First time we played here, we couldn't find a hotel room in Arizona because of a Renaissance festival, (there is a cartoon in Cake Magazine about this whole story, it was a hell-night) so we drove all night to Albuquerque; probably our first all night drive: we were wusses back then. I think we have always driven all night to get to Albuqueque, since then.
3) Nosebleed Stage
The first show we played, the stage was about 12 feet high (it was on the 2nd floor, and the audience stands on the 1st floor), and we had to carry our amps up a ladder to get up there. While we were playing we were terrified that we were going to fall off. The bathrooms were located underneath the stage, so anytime someone needed to pee, they had to walk underneath us. I thanked the 3 people who came to the show for coming; I said it was so neat that we had fans so far away, and they explained to me that their car had broken down across the street and they were waiting for a tow-truck and that's why they were at the club.
4) Really Bad Timing
Each time we play here, we play on a holiday. The first time we ever played, we played against a huge benefit with all local bands, a benefit for a much-loved local restaurant named Fred's. Last time we played on Halloween, a Monday night (Monday nights are notorious bad-show nights; no one wants to come out on a Monday) against Jon Spencer Blues Explosion. And it was some guy's wedding.
5) Wedding From Hell Story
So we drive up to the club and find out that we are playing some guy's wedding reception. We are completely freaked: no one told us this, and we do not know any covers. This was just supposed to be a regular show. Then we were informed that this is sort of a "punk rock" wedding; the groom is playing in one of the opening bands, and it's cool; everyone's going to the club across the street to watch Jon Spencer while we play, anyway. (We wished we could, too.)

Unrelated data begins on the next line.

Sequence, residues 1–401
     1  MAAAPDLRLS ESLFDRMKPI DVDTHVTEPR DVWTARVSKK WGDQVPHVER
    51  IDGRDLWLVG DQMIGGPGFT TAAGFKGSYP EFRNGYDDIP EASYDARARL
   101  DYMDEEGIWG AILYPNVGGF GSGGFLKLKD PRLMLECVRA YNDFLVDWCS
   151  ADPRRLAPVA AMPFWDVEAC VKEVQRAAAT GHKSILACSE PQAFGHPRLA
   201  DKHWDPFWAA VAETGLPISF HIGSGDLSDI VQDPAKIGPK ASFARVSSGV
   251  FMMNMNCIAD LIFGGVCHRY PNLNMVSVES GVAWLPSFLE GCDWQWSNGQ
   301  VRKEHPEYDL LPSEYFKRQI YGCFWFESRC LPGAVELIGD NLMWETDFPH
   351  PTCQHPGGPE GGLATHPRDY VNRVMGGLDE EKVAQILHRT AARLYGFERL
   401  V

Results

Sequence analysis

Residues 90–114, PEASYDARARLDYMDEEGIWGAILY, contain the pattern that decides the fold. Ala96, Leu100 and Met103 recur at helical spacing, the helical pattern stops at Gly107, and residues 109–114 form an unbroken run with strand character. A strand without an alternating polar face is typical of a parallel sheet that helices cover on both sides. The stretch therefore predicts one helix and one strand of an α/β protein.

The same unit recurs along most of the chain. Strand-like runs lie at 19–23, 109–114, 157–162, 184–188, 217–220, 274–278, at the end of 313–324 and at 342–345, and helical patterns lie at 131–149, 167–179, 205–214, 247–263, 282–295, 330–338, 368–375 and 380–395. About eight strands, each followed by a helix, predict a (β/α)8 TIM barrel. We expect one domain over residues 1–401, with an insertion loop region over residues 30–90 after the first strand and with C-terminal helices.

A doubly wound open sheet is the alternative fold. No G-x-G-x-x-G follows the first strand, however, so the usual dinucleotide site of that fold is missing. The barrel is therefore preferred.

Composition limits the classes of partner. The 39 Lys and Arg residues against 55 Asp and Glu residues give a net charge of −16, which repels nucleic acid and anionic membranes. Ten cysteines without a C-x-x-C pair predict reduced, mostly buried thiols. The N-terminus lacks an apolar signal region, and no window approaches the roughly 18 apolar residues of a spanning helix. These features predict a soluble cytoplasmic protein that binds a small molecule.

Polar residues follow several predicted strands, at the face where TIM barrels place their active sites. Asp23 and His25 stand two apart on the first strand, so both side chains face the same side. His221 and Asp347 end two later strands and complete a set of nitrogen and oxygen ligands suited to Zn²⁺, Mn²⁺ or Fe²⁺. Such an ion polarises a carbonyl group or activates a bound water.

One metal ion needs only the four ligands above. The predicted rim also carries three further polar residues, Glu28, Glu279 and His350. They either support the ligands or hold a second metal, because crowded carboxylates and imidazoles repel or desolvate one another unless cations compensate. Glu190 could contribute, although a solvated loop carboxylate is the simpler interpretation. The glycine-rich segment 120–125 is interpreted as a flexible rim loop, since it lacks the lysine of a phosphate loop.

A couple of hours into this fiasco, we are informed that the groom is very, very angry with us because either 1) we are playing 2nd-to-last and his friend's band wanted to play 2nd-to-last or 2) we are ruining his wedding because he wanted to play with Jon Spencer. This is the second time this night that we offer to leave town NOW, (more like "beg" than offer) but the promoter who is a very nice guy pleads with us to stay and we are told by other people that the groom is very, very drunk and angry at everyone for various reasons; some incuding 1) He did not get to play pool before his show and he feels he should be allowed to play pool tonight because after all, it IS HIS WEDDING NIGHT! and 2) now the pool tables are not open anymore so he is pissed and 3) He left his wedding ring on his hi-hat stand while they played and it has fallen off during the moving of equipment and it is laying on the floor somewhere in the club. . and 4) he is very drunk.
The groom himself comes up to Rick and starts yelling at Rick for offering to leave; "You'll REALLY SCREW THINGS UP IF YOU LEAVE!" The ring was recovered later on, and the groom did get to play his pool, incase you were wondering. Rick spent most of the night freaking out (and half-crying) in the van, worrying that we had screwed up someone's wedding. Rick is way too sensitive sometimes.
Wonderful Things About Albuquerque
The town is beautiful, New Mexico is beautiful, we love eating at "Fred's" (Pesto Bread!), and the people are very, very nice. Plus, each time we play, the local bands are great. And our shows are always fun. Albuquerque will always be a special place for us. And maybe next time we'll play on a weekend!